Tuesday, May 14, 2019

"The situation at the Venezuelan Embassy [in Washington, D.C.] has spiraled out of control"

The Embassy of Venezuela’s previous occupants, the diplomatic corps of Venezuelan President Nicol├ís Maduro, have been gone since April 24, after the White House revoked their status and ordered them to leave the building. They left—but not before inviting in a collection of activists as one last act of resistance from the embattled regime.


Since last week, Venezuelans have been staying outside the building in tents, blocking the entrances to the embassy and at times confronting and harassing the leftist demonstrators face to face.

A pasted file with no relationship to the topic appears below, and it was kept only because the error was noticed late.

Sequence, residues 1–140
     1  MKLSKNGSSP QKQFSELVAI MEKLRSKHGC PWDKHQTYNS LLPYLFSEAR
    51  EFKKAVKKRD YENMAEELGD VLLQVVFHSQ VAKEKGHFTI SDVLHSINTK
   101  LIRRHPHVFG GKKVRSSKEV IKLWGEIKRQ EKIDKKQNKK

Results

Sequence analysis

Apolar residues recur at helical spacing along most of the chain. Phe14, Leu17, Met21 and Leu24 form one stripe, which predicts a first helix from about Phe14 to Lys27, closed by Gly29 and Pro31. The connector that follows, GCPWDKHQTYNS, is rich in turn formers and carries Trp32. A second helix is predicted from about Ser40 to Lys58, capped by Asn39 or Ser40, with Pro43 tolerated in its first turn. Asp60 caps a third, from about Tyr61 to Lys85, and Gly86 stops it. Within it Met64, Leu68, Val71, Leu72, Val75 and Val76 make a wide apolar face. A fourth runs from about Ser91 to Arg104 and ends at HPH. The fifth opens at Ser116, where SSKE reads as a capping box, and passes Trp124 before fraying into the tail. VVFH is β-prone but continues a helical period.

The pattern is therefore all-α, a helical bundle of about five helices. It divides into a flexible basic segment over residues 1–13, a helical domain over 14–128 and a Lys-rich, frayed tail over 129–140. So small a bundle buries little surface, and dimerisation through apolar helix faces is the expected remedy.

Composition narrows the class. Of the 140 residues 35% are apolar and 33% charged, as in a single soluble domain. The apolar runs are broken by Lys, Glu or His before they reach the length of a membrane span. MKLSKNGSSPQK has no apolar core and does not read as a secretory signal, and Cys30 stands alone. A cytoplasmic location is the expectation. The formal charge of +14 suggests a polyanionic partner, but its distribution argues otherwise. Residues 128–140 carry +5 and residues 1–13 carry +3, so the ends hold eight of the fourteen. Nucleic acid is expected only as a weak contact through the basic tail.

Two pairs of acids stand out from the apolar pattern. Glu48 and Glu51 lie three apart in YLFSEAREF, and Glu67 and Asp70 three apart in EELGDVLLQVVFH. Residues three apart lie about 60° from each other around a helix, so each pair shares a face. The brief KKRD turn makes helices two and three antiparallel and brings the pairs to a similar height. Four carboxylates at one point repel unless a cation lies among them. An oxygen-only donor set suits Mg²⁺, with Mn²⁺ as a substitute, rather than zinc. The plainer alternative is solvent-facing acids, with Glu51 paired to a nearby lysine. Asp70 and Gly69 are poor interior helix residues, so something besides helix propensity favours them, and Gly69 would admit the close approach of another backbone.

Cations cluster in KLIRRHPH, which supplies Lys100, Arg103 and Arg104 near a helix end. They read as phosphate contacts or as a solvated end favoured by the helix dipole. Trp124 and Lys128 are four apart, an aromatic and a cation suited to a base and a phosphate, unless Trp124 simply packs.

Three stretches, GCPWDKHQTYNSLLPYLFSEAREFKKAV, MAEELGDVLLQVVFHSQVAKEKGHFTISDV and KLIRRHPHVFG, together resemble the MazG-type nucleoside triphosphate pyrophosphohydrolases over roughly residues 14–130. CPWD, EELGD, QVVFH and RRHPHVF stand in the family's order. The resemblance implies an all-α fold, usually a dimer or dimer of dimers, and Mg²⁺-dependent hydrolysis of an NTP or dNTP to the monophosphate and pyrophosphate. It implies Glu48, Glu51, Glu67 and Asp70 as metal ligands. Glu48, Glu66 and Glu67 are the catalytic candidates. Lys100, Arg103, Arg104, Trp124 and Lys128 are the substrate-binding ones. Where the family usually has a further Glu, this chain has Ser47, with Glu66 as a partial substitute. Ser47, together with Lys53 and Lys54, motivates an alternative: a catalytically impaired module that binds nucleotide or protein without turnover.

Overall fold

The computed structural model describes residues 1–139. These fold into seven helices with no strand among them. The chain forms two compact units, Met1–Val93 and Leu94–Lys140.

As the face-off drags on, attracting attention from U.S. and international outlets in Washington, an unanswered question looms over the street: When will the U.S.-recognized ambassador swoop in to take the building—and who will seize it for him?

So far, dozens of Secret Service and local police officers have completely surrounded the area, but they have not gone inside the building.